Unlike public pension plans, private-sector retirement plans (including both DC and DB plans) must maintain compliance with ERISA regulations, specifically the fiduciary requirements, when selecting investment options. 

At the core of the DOL pension policy is that “ERISA fiduciaries must always put first the economic interests of the plan in providing retirement benefits.”

Arguments used against incorporating ESG factors into ERISA plans include the belief that ESG incorporation risks sacrificing investment returns or involves taking on additional investment risk as a means of using plan investments to promote collateral social policy goals. The counter view is that ESG issues can be economically relevant and therefore should be integral to investment decisions. This debate between collateral and integral has played out against the alternating positions of US administrations and their respective investment industry advocates.

History of ESG and ERISA policies

Since the 1980s, DOL has periodically released guidance on the applicability of the fiduciary standard to ESG investing for private retirement plan sponsors. The guidance has clarified and refined the Department’s stance on ESG investing in ERISA-regulated retirement plans and has prompted various reactions from the investment industry. The earliest guidance specified that ESG factors could only be included as a tiebreaker among equally suitable investment options. This guidance kept many private retirement plan sponsors from including ESG investment options.

However, the 1998 Calvert Letter clarified that sponsors could include ESG factors if they do not negatively affect the fiduciary requirements of diversification, liquidity, or risk and return, among other things. Some investment industry practitioners, such as Vanguard, TIAA, Social(k), and Calvert, took the guidance in this letter as permission to offer ESG investments as private retirement plan options.

Guidance from the DOL in 2015 acknowledged that ESG factors might have a direct relationship to the economic value of an investment. In these cases, DOL advised that these ESG factors can be formal components when the fiduciary analyzes competing investment options.

Throughout the years, and over multiple rounds of guidance, retirement advisors have grappled with how to square their fiduciary responsibility with investors’ growing demand for ESG investments.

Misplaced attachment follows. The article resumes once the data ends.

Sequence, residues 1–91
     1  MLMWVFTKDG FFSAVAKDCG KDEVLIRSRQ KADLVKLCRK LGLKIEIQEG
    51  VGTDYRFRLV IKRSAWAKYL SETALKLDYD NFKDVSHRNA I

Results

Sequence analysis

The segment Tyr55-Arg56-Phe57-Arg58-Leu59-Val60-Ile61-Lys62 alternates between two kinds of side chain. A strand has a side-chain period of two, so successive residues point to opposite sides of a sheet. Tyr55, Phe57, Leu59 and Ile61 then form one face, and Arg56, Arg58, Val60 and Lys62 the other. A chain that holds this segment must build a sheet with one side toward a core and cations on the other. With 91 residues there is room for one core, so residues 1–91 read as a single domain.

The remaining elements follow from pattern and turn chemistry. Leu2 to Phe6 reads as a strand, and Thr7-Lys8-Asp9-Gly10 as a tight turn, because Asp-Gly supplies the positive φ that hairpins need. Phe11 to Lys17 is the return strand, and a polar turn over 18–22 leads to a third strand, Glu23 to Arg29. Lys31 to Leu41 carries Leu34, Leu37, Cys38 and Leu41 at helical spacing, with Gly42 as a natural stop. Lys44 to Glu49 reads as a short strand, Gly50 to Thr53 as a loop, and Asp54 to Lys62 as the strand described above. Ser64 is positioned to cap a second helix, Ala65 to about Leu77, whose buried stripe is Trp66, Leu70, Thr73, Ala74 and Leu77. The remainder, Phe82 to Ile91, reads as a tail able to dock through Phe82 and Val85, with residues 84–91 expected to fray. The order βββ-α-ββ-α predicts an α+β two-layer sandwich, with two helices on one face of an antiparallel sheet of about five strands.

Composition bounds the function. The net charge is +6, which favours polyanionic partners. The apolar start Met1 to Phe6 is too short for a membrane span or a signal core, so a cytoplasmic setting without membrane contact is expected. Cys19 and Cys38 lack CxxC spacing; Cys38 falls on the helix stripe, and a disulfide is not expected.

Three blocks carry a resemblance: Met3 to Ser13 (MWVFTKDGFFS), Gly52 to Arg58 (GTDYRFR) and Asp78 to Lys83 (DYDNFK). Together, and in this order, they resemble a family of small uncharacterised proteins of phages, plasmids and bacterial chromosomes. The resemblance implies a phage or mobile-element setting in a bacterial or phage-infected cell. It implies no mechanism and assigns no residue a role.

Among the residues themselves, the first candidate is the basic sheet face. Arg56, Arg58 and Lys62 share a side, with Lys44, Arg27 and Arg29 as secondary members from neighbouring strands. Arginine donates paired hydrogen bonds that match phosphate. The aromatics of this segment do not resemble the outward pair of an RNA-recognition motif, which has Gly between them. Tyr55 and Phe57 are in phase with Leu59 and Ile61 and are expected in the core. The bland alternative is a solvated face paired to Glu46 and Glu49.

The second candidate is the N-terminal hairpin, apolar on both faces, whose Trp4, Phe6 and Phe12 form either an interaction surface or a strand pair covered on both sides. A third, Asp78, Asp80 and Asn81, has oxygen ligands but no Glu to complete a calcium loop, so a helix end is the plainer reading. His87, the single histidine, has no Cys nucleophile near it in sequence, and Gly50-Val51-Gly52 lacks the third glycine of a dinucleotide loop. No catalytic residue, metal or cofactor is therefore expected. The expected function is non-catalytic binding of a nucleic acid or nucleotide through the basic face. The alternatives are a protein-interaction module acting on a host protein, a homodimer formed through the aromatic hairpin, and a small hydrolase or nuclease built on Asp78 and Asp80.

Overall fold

“The DOL’s 2015 and 2016 interpretive bulletins identified material ESG factors as proper components of a retirement plan’s investment analysis and appropriate issues for shareholder engagement activities. The bulletins stated DOL’s stance that fiduciaries may not accept lower expected returns in pursuit of collateral benefits, which are benefits outside of investment returns. The preamble to the 2015 bulletin further explained that ESG factors can have a direct relationship to the economic value of a plan and in such a case the ESG factors are not collateral but are considered as part of the primary analysis of an investment, and the use of material ESG factors should not inherently be subject to special scrutiny. The 2016 bulletin went on to clarify that ESG factors can be appropriate topics for proxy voting policies and engagement with corporations. Both the preamble to the 2015 bulletin and the 2016 bulletin referred to the use of ESG factors by retirement plans generally and did not distinguish between how such factors may be used by defined benefit and defined contribution plans.”

2018 DOL Field Assistance

In April 2018, DOL issued Field Assistance Bulletin 2018-01, which addresses retirement plans’ use of ESG factors. The DOL again emphasized that plan fiduciaries are required to act prudently and in the best interests of beneficiaries when making investment decisions. The new field assistance bulletin generally reiterates that, in considering the use of ESG factors, plan fiduciaries are not permitted to sacrifice investment returns or take on additional investment risk in the pursuit of collateral social policy goals – a position that is consistent with DOL’s earlier guidance.

The new field assistance bulletin states that fiduciaries must not too readily treat ESG factors as economically relevant, and includes information about the use of ESG factors in engagement activities, such as proxy voting. To be consistent with ERISA and the evaluation of investment options generally, fiduciaries are required to conduct due diligence in evaluating ESG investment options in order to understand how they operate, and to assess whether such options are in the best interest of plan beneficiaries. The call for due diligence may indeed increase ESG incorporation, as it could help plans assess risks relevant to a plan’s performance that may otherwise not be assessed.

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Untangling stakeholders for broader impact: ERISA plans and ESG incorporation